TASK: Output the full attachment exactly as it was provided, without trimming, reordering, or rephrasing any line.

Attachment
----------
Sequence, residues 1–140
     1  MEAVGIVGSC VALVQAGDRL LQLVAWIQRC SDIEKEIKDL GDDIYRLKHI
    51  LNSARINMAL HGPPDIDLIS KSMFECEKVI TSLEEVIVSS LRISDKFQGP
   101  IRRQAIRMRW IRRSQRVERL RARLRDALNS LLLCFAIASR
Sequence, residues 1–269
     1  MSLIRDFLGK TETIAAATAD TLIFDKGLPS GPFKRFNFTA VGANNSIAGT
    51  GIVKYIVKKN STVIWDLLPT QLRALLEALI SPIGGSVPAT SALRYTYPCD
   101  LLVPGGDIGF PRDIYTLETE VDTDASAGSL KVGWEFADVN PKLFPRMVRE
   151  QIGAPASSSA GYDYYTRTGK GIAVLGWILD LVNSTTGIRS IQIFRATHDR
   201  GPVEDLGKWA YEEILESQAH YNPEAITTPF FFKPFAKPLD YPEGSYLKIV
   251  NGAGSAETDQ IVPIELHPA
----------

Sequence, residues 1–140
     1  MEAVGIVGSC VALVQAGDRL LQLVAWIQRC SDIEKEIKDL GDDIYRLKHI
    51  LNSARINMAL HGPPDIDLIS KSMFECEKVI TSLEEVIVSS LRISDKFQGP
   101  IRRQAIRMRW IRRSQRVERL RARLRDALNS LLLCFAIASR
Sequence, residues 1–269
     1  MSLIRDFLGK TETIAAATAD TLIFDKGLPS GPFKRFNFTA VGANNSIAGT
    51  GIVKYIVKKN STVIWDLLPT QLRALLEALI SPIGGSVPAT SALRYTYPCD
   101  LLVPGGDIGF PRDIYTLETE VDTDASAGSL KVGWEFADVN PKLFPRMVRE
   151  QIGAPASSSA GYDYYTRTGK GIAVLGWILD LVNSTTGIRS IQIFRATHDR
   201  GPVEDLGKWA YEEILESQAH YNPEAITTPF FFKPFAKPLD YPEGSYLKIV
   251  NGAGSAETDQ IVPIELHPA